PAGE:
Waiting for the elevator in the Grub Street lobby were two women, one of whom was the most beautiful person I'd ever seen. I recognized her immediately as Boston's chief investigative reporter, Hank Phillippi Ryan. I tried to melt into the walls as I eavesdropped on their conversation; to this day I'm not sure they realized a third person rode up with them. Hank was telling the other woman her agent was sending out her manuscript that week. She has an agent, I thought, she's going to be published. We sat next to each other in that writing class -- Hallie Ephron's Writing and Selling Your Mystery Novel, hands down the best writing class I've yet taken -- and became friends. I expected Hank's book to sell within days, but it didn't. Sent out as chick lit just as the publishing world grew weary of the genre, Hank's novel was rejected. Was she disappointed? You bet. Devastated? Well, that would imply Hank was somehow paralyzed by the experience. No, Hank took her manuscript and after a matter of weeks, she rewrote it as more of a mystery. Her agent had to have been impressed. Prime Time sold in a two-book deal. It's been one of my favorite books of the year, I fell in love with her character, Charlie McNally, and can't wait to see her again when Face Time is released next month. By the way, after the success of Prime Time, Hank's publisher bought the rights to her next two books.
One writer I adore wrote and submitted for two years, receiving nothing but rejections. Friends and family were generally dismissive because they knew her only as Judy, no one particularly special, certainly not a writer. They said she was a dreamer, too big for her britches, they reminded Judy that the odds did not favor the likes of her. Still she continued to write, submit, and be rejected. Until her first book was published, The One in the Middle is the Green Kangaroo. A fluke then. She continued to prove them wrong when it was followed by Iggy's House, then Are You There God? It's Me, Margaret, and on and on...Thank goodness Judy Blume never gave up on her dream, never gave in to the naysayers. How would we have survived childhood without her?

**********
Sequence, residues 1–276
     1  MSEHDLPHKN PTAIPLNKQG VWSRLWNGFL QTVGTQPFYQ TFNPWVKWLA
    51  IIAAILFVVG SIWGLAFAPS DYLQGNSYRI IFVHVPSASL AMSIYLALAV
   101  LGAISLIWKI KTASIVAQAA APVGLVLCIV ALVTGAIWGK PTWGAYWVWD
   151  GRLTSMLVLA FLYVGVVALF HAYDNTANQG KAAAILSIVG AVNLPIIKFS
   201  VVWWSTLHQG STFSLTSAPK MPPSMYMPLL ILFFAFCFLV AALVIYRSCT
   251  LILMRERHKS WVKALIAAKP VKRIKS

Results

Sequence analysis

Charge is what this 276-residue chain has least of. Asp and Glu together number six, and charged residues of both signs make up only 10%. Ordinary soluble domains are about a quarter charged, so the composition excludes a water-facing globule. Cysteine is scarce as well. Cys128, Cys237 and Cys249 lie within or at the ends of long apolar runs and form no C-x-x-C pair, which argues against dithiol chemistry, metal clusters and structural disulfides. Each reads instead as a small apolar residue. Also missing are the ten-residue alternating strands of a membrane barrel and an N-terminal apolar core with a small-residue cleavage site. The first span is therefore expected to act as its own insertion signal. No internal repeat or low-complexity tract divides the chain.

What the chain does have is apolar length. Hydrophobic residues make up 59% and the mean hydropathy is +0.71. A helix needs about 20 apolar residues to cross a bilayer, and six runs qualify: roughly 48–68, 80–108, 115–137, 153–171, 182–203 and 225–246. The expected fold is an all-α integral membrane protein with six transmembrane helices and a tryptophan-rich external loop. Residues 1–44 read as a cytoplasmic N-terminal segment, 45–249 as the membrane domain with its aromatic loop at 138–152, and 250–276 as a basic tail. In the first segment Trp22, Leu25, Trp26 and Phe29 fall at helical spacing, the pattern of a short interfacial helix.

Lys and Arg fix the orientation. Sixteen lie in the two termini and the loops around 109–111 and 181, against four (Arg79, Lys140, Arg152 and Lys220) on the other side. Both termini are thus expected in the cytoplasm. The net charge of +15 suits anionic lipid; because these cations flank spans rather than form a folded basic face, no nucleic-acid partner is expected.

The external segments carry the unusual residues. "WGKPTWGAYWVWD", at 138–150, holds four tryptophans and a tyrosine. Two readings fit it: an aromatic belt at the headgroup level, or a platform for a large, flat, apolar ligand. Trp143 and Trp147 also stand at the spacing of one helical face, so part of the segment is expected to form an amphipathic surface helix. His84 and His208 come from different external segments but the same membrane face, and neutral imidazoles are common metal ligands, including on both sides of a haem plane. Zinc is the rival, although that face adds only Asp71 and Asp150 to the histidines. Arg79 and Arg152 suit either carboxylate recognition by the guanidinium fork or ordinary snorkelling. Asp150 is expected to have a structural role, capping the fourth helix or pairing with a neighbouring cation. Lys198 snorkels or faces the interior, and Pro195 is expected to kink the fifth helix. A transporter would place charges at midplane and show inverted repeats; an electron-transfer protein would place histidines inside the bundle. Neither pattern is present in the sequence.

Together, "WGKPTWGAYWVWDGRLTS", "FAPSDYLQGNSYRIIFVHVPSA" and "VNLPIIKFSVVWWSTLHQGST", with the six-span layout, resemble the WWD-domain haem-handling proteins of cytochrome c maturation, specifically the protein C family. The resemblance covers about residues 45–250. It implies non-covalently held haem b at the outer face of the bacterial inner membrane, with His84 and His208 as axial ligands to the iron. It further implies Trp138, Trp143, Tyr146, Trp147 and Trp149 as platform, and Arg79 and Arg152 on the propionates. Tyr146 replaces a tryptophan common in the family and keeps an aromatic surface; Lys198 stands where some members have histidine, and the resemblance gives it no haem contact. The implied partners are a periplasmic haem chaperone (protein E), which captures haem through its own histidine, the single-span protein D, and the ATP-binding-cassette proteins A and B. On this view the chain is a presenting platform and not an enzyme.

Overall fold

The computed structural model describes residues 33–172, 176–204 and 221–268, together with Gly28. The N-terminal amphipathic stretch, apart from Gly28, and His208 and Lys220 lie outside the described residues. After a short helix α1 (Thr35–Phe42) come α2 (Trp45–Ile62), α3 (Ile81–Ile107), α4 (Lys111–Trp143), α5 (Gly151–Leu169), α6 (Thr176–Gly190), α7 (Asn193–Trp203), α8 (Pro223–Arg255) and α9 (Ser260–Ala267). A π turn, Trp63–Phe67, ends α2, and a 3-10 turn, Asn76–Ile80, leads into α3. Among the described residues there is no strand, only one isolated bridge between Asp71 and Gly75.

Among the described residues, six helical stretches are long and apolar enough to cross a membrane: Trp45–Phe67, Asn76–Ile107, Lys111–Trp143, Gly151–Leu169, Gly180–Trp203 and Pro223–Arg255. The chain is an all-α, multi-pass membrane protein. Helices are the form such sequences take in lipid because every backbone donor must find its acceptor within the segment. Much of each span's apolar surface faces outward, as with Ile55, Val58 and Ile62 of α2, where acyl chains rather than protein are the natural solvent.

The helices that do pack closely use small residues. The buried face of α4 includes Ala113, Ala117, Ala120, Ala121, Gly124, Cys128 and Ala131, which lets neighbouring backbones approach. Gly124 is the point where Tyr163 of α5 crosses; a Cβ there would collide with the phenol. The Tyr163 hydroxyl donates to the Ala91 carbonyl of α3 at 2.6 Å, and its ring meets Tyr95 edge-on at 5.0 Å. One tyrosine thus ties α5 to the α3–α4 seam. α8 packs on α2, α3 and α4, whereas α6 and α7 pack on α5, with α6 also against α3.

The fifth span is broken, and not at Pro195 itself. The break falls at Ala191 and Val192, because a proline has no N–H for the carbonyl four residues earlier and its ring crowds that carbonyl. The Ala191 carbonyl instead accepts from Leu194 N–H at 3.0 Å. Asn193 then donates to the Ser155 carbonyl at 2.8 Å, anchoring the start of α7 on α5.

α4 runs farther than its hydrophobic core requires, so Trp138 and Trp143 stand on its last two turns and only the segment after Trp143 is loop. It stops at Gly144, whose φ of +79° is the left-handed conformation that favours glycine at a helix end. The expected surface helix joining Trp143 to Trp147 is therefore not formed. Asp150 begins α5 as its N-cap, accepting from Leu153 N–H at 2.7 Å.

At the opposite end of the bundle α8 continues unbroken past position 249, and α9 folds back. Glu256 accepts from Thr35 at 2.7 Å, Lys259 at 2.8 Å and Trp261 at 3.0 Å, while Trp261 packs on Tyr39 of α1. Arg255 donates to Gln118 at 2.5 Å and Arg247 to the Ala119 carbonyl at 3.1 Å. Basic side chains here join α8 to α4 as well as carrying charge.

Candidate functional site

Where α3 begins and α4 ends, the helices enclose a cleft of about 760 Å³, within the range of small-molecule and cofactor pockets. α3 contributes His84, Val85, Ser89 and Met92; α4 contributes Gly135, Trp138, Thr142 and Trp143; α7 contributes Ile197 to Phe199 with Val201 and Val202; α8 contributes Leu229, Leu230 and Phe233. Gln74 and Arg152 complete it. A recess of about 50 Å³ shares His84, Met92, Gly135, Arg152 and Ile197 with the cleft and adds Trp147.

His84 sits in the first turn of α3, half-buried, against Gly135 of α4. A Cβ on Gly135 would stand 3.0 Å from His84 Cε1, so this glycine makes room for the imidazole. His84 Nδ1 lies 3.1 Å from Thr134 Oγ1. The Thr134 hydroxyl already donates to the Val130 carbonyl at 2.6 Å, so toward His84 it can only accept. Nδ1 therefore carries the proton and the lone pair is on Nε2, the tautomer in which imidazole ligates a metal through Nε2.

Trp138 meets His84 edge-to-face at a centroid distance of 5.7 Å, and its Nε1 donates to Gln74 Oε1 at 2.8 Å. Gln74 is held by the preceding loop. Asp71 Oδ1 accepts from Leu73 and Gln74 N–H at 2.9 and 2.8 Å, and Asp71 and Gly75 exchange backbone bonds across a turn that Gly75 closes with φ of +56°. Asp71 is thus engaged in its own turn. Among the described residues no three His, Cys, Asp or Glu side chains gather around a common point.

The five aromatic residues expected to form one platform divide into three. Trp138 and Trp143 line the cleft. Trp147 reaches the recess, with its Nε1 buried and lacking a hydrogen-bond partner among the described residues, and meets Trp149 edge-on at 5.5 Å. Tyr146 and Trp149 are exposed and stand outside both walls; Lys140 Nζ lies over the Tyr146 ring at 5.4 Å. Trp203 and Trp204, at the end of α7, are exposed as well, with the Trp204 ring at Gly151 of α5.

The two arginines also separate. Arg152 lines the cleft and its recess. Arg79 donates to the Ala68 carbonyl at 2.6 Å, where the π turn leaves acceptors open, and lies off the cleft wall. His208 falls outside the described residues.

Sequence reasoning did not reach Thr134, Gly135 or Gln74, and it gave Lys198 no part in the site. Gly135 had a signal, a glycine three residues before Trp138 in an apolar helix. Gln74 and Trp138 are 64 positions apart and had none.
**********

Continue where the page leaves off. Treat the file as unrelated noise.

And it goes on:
Have you read Michelle Zink's blog? She tells it better, it's her story, but it's ours, too. She gave up her job, her family sacrificed vacations, she had trouble paying her bills, all so she could write. How many times have we told loved ones not right now or I'm sorry, I can't go. How many nights have we lain awake wondering how to pay that credit card bill, or in Michelle's case the mortgage? Michelle wrote FIVE books, none of which were published, all the while struggling, doubting, though still forging onward. And then Indigo Sky came to her and as Publishers Marketplace reports, earned Michelle a much-deserved six-figure advance.
Writers I know have similar stories. First manuscripts rejected by agents. First books submitted by agents and rejected by editors. Second, third, fourth novels, memoirs, non-fiction. Every writer I know. Every last one.
Amanda Eyre Ward (if you haven't yet read her work, run right now to your local bookstore; I just finished and LOVED Forgive Me) hosted a Grub Street South workshop and she said the people in her MFA program who were published were the writers who never gave up.
That's the difference.
Tuesday, September 04, 2007